True Men Dont Kill Coyotes

Activists howl foul over Rancho Mission Viejo

Photo by Tenaya HillsThe howling still haunts Jack Eidt.

An avid hiker, Eidt is no stranger to the cry of coyotes, but this—this Hound of the Baskervilles meets funeral dirge was different. Although it has been nearly two decades since the construction of the Pacific Hills subdivision in Mission Viejo, he still remembers bulldozers scraping the lush riparian streambed and pristine hills near Oso and Marguerite.

"A massive population of coyotes lived in this area," he said. "And when the grading began, hundreds of them would gather every night and scream for hours. Perhaps I was projecting my own pain, but their cries were dirge-like, a lament for something lost. Night after night, the screams grew in intensity until they just stopped."

Eidt does not want this mournful chorus repeated in Rancho Mission Viejo, home to the last undeveloped coastal foothills in south Orange County. An urban planner who has worked on many Orange County projects including the Disneyland Resort expansion, he's dismayed by the Orange County Board of Supervisors' recent approval of the Rancho Mission Viejo Project (see "A Win-Lose Solution," Nov. 24). He says the project's 14,000 homes and five million square feet of commercial space "will sprawl across the Ranch's hills, severing critical wildlife corridors, degrading air and water quality, and adding to already congested traffic in surrounding communities."

The Sierra Club, Friends of the Foothills, the Endangered Habitats League and other environmental groups are loudly protesting the project. But Eidt believes there is a better solution—one the Ranch might find attractive should its plan become bogged down in the inevitable legal battle promised by local environmental groups: the Wild Heritage Plan.

Eidt collaborated on the plan with two local activists—Paul Carlton and Jerry Collamer—who believe development and wilderness preservation do not have to be mutually exclusive. In their proposal, development would be concentrated into four interconnected urban villages. These would be "walk-able communities" with homes close to commercial and recreational areas.

Although it proposes development denser than conventional Orange County communities, Eidt claims the village concept would enhance the quality of life for residents, who could easily walk to where they work, shop or play. It would also preserve environmentally sensitive areas such as Chiquita Canyon, the Donna O'Neill Land Conservancy, the San Mateo watershed and critical wildlife corridors connecting the Cleveland National Forest to wilderness habitats as far south as Trestles Beach.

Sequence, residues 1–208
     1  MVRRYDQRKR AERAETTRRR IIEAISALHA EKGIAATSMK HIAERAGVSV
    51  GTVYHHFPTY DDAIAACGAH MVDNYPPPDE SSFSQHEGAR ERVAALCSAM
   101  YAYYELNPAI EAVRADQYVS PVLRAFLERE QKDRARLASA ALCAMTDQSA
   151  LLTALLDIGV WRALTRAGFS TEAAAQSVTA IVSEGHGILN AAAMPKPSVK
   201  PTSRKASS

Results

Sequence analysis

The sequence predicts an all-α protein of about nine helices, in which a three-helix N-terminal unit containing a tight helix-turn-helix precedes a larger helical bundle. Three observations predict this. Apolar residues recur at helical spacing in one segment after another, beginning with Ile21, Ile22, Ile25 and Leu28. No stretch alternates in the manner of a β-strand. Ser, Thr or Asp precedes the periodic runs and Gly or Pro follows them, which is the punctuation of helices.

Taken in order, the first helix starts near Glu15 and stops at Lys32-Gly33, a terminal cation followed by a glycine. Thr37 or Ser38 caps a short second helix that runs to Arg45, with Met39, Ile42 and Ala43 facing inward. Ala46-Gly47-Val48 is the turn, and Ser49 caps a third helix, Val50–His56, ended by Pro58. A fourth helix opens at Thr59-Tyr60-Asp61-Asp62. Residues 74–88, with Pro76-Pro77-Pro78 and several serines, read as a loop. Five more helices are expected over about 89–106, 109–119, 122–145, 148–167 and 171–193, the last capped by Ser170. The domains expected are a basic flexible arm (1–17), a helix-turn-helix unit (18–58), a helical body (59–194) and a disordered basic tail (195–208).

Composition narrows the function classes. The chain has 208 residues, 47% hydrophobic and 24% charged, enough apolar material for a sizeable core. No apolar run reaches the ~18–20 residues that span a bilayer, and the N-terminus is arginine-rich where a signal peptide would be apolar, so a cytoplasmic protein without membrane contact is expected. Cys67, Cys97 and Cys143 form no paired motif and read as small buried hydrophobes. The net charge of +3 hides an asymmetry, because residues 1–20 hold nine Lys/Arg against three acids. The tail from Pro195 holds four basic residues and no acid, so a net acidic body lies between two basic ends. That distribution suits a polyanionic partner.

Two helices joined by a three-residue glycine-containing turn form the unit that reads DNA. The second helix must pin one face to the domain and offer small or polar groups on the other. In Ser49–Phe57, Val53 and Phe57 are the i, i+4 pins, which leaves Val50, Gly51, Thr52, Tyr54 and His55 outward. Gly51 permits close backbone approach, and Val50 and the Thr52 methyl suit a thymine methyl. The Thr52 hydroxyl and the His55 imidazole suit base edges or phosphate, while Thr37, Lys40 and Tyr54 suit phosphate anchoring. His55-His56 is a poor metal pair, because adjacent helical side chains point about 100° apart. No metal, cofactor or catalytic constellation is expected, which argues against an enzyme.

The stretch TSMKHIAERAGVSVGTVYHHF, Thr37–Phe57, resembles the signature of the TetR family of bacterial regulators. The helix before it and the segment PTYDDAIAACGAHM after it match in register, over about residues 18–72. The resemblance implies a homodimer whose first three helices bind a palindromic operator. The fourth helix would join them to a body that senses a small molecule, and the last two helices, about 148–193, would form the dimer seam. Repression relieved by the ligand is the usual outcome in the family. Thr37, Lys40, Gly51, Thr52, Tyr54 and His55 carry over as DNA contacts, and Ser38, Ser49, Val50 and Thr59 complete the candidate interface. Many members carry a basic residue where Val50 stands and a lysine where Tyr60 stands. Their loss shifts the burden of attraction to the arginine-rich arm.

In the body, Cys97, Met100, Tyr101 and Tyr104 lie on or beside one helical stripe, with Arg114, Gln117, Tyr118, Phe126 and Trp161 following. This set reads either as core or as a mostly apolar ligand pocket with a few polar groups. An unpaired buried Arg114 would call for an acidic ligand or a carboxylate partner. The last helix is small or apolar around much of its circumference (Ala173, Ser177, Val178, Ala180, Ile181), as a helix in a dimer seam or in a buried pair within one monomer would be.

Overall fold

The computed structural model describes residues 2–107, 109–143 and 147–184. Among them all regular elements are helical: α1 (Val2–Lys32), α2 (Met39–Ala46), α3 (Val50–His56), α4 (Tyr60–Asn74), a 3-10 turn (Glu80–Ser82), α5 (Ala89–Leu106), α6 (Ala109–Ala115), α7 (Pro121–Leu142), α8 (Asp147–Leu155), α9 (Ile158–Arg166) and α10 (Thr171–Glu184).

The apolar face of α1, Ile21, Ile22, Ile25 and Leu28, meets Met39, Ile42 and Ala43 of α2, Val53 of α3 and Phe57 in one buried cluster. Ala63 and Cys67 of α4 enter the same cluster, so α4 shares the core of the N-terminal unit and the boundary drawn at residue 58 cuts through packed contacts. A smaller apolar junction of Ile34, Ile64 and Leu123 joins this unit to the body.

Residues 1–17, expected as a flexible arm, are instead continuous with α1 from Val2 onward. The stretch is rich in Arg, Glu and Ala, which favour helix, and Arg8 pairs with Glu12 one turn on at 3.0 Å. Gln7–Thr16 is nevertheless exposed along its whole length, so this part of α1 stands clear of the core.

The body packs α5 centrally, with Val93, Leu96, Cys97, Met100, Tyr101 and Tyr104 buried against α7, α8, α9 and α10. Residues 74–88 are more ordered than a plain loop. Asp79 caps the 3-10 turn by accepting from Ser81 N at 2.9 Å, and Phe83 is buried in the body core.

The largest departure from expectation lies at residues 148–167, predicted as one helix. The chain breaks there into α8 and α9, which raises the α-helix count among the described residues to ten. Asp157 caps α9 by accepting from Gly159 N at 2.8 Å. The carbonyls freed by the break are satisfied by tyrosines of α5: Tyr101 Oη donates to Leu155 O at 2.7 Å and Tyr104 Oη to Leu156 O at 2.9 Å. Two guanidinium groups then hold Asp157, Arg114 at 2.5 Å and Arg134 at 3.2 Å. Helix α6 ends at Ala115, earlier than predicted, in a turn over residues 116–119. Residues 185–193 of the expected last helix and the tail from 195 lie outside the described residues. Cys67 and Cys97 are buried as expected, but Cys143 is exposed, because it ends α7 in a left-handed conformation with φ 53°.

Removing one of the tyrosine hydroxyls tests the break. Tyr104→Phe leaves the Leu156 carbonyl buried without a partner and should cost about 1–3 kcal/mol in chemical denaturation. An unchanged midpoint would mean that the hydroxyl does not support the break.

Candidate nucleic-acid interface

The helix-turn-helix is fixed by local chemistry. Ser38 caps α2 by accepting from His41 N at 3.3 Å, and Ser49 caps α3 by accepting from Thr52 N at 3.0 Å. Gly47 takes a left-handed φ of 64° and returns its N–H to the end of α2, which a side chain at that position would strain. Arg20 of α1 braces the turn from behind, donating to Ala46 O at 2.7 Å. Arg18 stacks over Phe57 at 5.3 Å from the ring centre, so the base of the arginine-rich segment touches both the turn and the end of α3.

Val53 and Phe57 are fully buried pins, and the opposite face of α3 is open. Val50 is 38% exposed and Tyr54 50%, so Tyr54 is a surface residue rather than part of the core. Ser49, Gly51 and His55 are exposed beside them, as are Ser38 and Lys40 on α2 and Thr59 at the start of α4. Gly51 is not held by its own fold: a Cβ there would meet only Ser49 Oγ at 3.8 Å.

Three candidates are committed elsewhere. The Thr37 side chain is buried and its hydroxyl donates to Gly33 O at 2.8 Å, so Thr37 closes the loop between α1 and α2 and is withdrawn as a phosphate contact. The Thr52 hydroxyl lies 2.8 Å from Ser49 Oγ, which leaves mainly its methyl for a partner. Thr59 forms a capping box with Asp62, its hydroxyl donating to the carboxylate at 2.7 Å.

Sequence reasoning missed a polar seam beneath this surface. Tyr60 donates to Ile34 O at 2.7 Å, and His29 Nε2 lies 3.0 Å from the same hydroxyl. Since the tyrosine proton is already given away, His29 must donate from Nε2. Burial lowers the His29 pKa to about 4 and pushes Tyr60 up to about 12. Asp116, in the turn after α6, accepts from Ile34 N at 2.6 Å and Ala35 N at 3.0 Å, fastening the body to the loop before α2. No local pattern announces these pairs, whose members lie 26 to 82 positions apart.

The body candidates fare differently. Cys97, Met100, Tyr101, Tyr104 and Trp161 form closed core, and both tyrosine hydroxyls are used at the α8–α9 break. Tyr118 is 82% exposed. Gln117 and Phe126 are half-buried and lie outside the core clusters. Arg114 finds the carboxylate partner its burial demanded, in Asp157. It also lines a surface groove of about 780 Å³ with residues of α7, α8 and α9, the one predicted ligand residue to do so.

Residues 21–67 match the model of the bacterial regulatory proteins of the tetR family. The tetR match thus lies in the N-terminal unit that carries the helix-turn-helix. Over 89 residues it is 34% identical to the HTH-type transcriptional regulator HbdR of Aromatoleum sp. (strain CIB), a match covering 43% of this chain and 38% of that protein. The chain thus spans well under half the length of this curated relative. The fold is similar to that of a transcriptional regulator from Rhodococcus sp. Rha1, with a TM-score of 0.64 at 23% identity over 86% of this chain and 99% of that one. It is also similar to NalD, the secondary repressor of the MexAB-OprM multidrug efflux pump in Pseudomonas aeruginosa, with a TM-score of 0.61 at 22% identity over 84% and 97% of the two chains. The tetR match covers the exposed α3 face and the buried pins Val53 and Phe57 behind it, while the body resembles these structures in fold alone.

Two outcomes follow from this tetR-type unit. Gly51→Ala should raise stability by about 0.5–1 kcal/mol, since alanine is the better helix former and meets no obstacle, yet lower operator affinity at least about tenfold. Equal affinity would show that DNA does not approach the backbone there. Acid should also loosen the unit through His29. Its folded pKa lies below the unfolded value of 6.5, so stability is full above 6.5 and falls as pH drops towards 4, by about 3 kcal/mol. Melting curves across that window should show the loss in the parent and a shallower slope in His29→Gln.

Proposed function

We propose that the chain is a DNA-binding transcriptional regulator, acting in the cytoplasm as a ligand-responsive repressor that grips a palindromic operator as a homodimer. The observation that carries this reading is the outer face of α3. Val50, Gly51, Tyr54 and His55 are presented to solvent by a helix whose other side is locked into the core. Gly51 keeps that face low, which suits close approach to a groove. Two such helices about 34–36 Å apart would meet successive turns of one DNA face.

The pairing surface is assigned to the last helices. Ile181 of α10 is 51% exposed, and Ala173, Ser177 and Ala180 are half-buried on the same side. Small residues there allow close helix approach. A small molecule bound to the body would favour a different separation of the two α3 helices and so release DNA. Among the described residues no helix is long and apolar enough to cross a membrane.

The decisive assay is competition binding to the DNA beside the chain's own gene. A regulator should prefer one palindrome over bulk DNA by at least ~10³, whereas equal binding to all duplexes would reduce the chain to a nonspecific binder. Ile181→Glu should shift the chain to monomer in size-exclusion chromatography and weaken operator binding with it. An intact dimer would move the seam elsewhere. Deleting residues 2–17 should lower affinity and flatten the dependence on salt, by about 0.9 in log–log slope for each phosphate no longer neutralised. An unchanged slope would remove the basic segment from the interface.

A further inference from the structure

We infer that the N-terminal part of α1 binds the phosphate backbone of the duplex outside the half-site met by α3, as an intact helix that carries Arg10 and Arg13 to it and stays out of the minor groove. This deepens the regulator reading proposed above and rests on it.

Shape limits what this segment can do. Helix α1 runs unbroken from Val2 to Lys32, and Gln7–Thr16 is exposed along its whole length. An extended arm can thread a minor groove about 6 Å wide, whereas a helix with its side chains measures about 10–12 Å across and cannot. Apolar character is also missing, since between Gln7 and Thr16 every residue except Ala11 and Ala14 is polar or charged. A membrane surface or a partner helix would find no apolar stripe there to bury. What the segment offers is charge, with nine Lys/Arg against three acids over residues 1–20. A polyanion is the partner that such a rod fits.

"A townhome without the town is just an overcrowded apartment," says Eidt. When neighborhoods are well designed—with easy access to stores, businesses and local parks—"it creates a memorable community with a strong sense of place." Eidt and his colleagues believe the Wild Heritage Plan would benefit everyone, including the Ranch's owners.

"It is possible to build 14,000 dwelling units and reduce the footprint," Eidt said. "We wanted to come up with a smart plan, one that addresses the needs of the Ranch's owners, reduces the traffic impact on surrounding communities, includes much needed senior and affordable housing, and still preserves Ranch's wild heritage. We believe we have done that."

On Nov. 8, Eidt and his colleagues presented their plan to the Board of Supervisors. Each was allowed to speak for three minutes—hardly sufficient to outline their proposal, Eidt admits—but even their abbreviated presentation earned praise from many in the audience. Ranch officials were on hand for the presentation, but had previously cancelled a private meeting with Eidt and Carlton. Carlton says after the Ranch received approval, Richard Broming, RMV vice president for planning and entitlement, told him other plans would no longer be considered. Broming did not return a telephone call seeking his comment for this story by press time.

Although the Ranch's plan has been approved, Eidt is not giving up. "The sad fact is for over 120 years the Ranch has kept secret the amazing wilderness within its boundaries. Most local residents have no idea what they lost when the Ranch built the communities of Mission Viejo, Rancho Santa Margarita, Ladera and the rest."

Eidt is determined to prevent the same mistake. "This is a chance to build something other than the traditional urban sprawl model," he said. "With Southern California's Mediterranean climate and striking topography, we could recreate the lovely palazzos and intimate streets of an urban village in southern Europe. . . . . People and open space are not an 'either-or' proposition. We have the unique opportunity to create a community where everyone wins."

 
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